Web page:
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Another father-son encounter in print

I guess I’m getting old enough that I need to expect things like this to happen. I was in the newspaper business for about 30 years before I joined South Carolina Sportsman in 2007. During that time, I covered about every sporting event possible, from NASCAR races to pro golf, minor-league baseball and hockey and college and high-school sports of all kinds.

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September 01, 2014 at 7:00 am
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I guess August isnít all that bad after all

August is a month that takes, well, a lot of heat, especially from sportsmen. Lord knows it’s hot, and that drives fish deep and fishermen into their air-conditioned dens and man caves.†

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August 01, 2014 at 9:00 am
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Catfish legislation? A pile of stinkbait

There is an old quote that’s been attributed to a number of people. To paraphrase it somewhat, it goes like this: “There are two things you don’t want to see being made: sausage and laws.”

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July 01, 2014 at 7:00 am
923 Views

Pay-pond owners: Donít sing the blues

I am probably as familiar with the workings of politicians at the state level as most people. I don’t want to see how sausage is made, and I don’t want to see how our laws are enacted — but I have a pretty idea about both subjects.

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June 02, 2014 at 9:00 am
973 Views

Proposed changes in turkey regs? Yea!

Pat Robertson reports elsewhere in the magazine about a piece of legislation making its way through the general assembly that would make two big changes in turkey hunting regulations: setting a unified statewide season and reducing the bag limit from five to three birds.

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May 01, 2014 at 7:00 am
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Do we have it better than settlers did?

I sometimes wonder what the fish and wildlife was like when the early settlers reached South Carolina.

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April 01, 2014 at 7:00 am
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March is an end and a beginning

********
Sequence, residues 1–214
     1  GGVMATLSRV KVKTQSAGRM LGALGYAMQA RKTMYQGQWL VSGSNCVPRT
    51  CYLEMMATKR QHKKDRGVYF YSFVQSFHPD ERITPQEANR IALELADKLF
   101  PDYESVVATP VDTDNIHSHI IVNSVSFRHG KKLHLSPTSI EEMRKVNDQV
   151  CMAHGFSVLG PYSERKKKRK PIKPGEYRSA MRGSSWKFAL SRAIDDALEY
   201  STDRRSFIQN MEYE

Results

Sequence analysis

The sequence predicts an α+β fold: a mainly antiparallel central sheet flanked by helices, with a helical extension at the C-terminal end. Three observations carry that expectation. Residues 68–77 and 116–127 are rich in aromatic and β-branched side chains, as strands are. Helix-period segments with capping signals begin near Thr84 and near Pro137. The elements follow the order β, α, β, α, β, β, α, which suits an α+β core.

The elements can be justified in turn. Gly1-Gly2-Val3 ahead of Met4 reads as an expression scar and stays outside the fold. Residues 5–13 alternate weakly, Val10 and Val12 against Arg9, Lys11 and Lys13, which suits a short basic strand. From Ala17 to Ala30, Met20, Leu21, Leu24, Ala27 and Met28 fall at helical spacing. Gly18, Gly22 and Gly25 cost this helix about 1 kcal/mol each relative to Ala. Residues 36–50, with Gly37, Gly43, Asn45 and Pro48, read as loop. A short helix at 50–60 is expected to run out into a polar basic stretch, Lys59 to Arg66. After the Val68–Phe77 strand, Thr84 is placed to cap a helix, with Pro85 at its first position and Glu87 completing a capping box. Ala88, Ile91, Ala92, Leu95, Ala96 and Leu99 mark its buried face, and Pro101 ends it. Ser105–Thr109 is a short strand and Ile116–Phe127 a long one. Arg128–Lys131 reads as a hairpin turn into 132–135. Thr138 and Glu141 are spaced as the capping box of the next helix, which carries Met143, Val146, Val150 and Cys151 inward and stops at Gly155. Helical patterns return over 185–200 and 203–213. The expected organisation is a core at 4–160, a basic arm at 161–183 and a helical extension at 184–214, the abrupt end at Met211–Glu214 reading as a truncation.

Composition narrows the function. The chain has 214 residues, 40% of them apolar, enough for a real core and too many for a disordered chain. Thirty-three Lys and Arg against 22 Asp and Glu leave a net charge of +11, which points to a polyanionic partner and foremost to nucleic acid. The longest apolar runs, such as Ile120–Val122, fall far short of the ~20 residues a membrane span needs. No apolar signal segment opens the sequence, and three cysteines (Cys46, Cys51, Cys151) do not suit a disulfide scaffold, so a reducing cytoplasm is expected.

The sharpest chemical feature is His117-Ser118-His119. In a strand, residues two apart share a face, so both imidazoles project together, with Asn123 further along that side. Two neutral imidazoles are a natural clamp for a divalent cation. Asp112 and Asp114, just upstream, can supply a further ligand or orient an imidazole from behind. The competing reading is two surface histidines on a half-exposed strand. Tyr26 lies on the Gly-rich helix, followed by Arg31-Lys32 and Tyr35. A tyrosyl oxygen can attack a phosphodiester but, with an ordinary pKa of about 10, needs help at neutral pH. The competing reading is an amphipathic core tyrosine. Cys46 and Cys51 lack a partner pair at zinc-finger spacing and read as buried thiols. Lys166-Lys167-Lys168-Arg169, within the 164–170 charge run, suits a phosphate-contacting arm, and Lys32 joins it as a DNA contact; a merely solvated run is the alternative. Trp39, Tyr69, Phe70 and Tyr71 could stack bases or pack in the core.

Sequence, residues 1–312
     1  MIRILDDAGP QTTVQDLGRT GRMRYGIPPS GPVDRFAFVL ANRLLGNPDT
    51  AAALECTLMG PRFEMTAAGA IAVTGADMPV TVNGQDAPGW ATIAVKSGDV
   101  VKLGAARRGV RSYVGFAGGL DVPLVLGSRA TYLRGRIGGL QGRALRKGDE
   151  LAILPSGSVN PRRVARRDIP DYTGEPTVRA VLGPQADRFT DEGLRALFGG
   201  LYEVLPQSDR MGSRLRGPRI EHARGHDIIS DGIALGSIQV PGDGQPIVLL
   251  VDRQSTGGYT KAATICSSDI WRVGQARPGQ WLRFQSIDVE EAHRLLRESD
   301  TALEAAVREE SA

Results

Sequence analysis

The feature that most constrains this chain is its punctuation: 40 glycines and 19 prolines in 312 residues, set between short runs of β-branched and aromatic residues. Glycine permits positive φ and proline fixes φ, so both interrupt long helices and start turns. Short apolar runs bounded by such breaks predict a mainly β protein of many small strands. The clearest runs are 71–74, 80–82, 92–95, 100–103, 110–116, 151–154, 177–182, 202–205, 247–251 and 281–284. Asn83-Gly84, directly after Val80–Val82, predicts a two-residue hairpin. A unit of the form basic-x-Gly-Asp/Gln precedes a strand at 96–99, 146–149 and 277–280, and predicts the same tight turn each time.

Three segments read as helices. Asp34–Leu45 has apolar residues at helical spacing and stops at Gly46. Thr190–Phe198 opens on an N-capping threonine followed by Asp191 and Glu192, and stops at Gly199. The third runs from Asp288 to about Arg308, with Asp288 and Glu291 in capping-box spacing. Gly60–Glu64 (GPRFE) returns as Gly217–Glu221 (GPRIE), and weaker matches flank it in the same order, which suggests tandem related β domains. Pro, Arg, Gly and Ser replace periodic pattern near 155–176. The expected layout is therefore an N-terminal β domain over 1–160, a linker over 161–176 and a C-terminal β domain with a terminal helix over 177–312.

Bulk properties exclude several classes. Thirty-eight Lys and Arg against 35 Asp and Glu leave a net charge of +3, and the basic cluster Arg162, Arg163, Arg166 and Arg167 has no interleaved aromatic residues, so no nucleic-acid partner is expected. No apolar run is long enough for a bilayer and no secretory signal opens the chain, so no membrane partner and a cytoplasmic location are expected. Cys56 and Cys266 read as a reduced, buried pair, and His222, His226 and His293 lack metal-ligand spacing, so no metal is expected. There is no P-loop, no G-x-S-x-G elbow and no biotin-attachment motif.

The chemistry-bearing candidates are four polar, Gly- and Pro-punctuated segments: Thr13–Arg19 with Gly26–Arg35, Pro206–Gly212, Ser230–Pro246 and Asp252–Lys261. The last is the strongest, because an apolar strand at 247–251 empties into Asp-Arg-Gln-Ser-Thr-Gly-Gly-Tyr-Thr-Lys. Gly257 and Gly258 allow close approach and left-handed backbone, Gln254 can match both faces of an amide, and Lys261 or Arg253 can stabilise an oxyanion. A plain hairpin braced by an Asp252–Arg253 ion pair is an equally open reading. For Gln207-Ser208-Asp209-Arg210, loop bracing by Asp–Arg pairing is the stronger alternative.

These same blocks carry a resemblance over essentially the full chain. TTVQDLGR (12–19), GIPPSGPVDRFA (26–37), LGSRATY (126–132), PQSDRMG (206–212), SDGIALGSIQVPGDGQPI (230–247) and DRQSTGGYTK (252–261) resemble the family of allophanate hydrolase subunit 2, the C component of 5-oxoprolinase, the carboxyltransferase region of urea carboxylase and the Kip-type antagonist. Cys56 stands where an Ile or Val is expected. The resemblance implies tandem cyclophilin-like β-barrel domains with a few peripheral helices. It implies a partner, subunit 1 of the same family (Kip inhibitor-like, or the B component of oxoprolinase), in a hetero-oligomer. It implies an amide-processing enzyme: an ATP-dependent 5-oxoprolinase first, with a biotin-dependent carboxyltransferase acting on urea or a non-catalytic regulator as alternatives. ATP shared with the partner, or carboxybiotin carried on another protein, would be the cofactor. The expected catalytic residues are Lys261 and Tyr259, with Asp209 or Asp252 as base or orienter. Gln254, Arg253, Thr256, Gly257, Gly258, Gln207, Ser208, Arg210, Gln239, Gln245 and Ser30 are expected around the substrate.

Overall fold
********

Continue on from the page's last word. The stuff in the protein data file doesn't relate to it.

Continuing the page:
The calendar changes in January, but you can argue that March marks an end and a beginning for most hunters and fishermen across South Carolina.

First, March is the month when freshwater fishing really takes off across most of the Palmetto State. It’s big-bass month, big-crappie month, and it’s the month when striped bass start to make their annual spawning runs upriver and to the headwaters of reservoirs.

Second, the S.C. Department of Natural Resources holds antler-scoring sessions across the state throughout the month, culminating at the Palmetto Sportsmen’s Classic in Columbia at the end of March. SCDNR uses this as an opportunity to gather information about big bucks, including where and when they’re killed, to add to a database that’s 40 years in the making.

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March 01, 2014 at 9:00 am
848 Views

One bullet dodged, more on the way

It looks like we dodged a bullet. Hopefully, we’ll be in position to dodge a fusillade headed our way in the future.

In early January, almost every fishermen who throws a live or soft-plastic shrimp in South Carolina’s coastal waters crossed his or her fingers when the “polar vortex” dipped down across North America and dropped temperatures into single digits across much of the Southeast. Our immediate thought was, “What about the specks?”

Speckled trout are something of a fragile species when it comes to temperature. When the water temperature drops into the high 40s, their metabolism slows way down. If the water reaches the mid- to low-40s, they become stressed and often die. The †result is something biologists call a “cold-stun kill.”†

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February 01, 2014 at 7:00 am
867 Views

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